On September 21st, we emailed to ask where we were in the process. On the 22nd, we were again told it was “still undergoing a review process”, with no additional detail.

Finally, on October 5th (over a month since the most recent submission, and almost two and a half months since our initial submission), we were contacted by an Apple employee via phone. We were told that despite our explanation, Apple was unwilling to ship this update, and it would again be rejected.

However, later that day a second Apple employee phoned. He was a fan of our products, and wanted to take another crack at getting this approved the way it was. With a mixture of hope and trepidation, we provided him even more details, and awaited his reply.

In mid-October, he called again, saying that there was nothing for it. In order to ship our update, we had to stop showing both the computer images and Apple’s app icons. It didn’t matter that Apple provided us with code expressly to enable us to show these, nor that the same functionality had been previously approved. We’d reached the end of the road – if we wanted to ship this update, we had to remove the functionality.

“When angry, count to four. When very angry, swear.”

Needless to say, we were quite upset. There was no change between the approved 1.0.0 and the new 1.0.1 – this functionality had already been approved once. Further, if simply showing another application’s icon is a trademark issue, then the software world is going to need to make some drastic changes, and Mac OS X’s Dock will be the first to go.

Worst of all, however, Apple left 1.0.0 in the store, a buggy version being downloaded hundreds of times per day. The exact same “infringing behavior” could be found in 1.0.0, and they weren’t taking that down. As such, the only thing Apple’s process was doing was preventing a needed bug-fix from reaching the hands of our mutual customers.

Bend, Don’t Break

Of course, being angry wasn’t helping our users, and that’s always our goal. We didn’t want to remove functionality to do it, but we had little choice, because Apple controls the means of distribution for iPhone software. We had to compromise.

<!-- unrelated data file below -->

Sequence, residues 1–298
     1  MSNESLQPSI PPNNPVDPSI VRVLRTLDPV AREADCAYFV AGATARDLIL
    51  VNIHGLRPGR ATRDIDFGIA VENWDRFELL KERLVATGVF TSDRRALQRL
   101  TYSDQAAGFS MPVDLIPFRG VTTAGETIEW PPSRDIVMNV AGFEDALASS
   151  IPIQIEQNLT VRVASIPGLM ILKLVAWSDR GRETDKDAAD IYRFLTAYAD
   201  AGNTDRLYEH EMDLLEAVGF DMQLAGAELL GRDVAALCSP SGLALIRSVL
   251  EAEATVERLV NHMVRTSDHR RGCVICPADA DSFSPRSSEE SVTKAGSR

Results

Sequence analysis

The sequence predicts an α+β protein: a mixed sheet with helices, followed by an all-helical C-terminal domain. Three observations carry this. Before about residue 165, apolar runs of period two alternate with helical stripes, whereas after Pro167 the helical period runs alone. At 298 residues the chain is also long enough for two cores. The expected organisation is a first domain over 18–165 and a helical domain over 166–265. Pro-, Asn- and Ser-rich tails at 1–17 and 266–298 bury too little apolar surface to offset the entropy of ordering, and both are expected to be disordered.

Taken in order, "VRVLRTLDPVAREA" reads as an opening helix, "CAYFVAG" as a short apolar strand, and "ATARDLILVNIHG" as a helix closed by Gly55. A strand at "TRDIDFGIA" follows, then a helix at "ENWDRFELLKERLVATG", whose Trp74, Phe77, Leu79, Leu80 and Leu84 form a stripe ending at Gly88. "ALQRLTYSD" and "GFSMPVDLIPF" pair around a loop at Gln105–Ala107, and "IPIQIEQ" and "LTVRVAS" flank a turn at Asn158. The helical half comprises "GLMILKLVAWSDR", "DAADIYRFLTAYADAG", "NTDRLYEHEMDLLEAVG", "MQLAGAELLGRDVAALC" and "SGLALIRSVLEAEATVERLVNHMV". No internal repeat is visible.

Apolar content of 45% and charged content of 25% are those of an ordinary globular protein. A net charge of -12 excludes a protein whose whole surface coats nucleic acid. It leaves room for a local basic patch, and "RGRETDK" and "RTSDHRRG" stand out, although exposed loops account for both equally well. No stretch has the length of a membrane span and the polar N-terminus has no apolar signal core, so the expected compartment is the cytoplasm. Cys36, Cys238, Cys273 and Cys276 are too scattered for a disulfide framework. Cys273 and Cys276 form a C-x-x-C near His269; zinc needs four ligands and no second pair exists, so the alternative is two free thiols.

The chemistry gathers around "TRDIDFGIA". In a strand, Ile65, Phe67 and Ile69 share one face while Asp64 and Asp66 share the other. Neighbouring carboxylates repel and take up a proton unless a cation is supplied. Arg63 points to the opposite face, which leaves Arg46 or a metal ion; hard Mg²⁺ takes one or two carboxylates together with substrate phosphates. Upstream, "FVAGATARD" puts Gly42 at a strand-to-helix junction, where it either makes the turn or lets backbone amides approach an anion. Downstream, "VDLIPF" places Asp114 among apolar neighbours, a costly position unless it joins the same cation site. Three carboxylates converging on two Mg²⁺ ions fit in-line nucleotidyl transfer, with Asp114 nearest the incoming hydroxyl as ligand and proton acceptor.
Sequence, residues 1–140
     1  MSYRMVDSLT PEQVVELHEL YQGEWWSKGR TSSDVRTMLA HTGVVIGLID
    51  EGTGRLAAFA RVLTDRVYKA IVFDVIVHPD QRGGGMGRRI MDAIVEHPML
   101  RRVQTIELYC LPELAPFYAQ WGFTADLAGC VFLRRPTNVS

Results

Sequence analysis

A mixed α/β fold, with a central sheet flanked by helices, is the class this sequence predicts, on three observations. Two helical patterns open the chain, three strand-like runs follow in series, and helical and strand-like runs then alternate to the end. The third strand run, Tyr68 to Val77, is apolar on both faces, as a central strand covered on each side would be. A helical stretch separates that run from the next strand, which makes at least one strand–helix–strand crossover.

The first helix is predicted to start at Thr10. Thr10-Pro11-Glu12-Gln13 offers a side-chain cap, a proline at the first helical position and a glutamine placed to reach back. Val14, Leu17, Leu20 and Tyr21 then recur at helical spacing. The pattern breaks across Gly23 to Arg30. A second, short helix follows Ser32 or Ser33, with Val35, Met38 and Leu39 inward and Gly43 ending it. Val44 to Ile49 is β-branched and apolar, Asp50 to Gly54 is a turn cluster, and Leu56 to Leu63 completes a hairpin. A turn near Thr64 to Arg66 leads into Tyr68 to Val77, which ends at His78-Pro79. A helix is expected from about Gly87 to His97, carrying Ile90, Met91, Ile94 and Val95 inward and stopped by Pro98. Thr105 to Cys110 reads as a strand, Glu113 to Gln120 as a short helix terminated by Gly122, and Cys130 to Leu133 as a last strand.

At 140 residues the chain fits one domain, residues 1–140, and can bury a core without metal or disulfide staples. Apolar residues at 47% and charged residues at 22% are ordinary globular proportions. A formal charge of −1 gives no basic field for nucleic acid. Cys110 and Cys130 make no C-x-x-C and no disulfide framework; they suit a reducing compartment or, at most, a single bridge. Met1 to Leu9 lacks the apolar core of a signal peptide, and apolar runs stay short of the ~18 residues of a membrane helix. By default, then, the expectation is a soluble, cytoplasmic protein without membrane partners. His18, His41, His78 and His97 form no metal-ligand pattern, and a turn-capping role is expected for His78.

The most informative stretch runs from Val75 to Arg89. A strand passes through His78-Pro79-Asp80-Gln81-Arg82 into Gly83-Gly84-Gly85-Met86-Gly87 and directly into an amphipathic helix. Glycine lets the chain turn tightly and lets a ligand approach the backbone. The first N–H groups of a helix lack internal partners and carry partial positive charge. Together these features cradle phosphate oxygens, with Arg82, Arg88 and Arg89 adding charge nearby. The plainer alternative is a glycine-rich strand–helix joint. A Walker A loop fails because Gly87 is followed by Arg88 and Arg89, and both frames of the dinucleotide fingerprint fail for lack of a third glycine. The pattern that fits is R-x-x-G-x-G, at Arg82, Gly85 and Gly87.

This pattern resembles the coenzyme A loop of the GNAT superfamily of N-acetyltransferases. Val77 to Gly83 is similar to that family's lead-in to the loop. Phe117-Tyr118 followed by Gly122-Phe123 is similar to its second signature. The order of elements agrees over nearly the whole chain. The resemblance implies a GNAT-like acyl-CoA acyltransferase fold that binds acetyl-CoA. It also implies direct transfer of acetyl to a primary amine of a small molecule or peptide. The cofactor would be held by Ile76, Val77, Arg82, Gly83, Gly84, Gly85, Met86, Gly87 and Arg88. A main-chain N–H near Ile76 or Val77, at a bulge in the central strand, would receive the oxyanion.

Now, when you receive audio on Airfoil Speakers Touch, you’ll see a generic computer screen, not your specific Mac. Further, if you’re receiving audio from an Apple app, such as Safari, QuickTime Player, or iTunes, you’ll see this:

If you tap the artwork in Airfoil Speakers Touch, you’ll be taken to this page, providing a pithier summary of the situation. Is it likely to change anything? Probably not. But it was the only way we could remove this functionality and still sleep at night.

What Now?

As noted on that page, we urge you to do two things. First, be aware that Apple is acting as a gatekeeper, and preventing you from getting the software that developers such as ourselves are trying to provide you. We wanted to ship a simple bug fix, and it took almost four months of slow replies, delays, and dithering by Apple. All the while, our buggy, and supposedly infringing version, was still available. There’s no other word for that but “broken”.

Second, consider donating to the EFF. The change we made to Airfoil Speakers Touch wasn’t their idea, nor have they endorsed it. However, in addition to being one of Rogue Amoeba’s favorite charities, they’re also the organization defending the rights of both consumers and developers in the digital world. If Apple is to change, it may take such an organization to make it happen.

Focusing On The Mac

In the future, we hope that developers will be allowed to ship software without needing Apple’s approval at all, the same way we do on Mac OS X. We hope the App Store will get better, review times will be shorter, reviews will be more intelligent, and that we can all focus on making great software. Right now, however, the platform is a mess.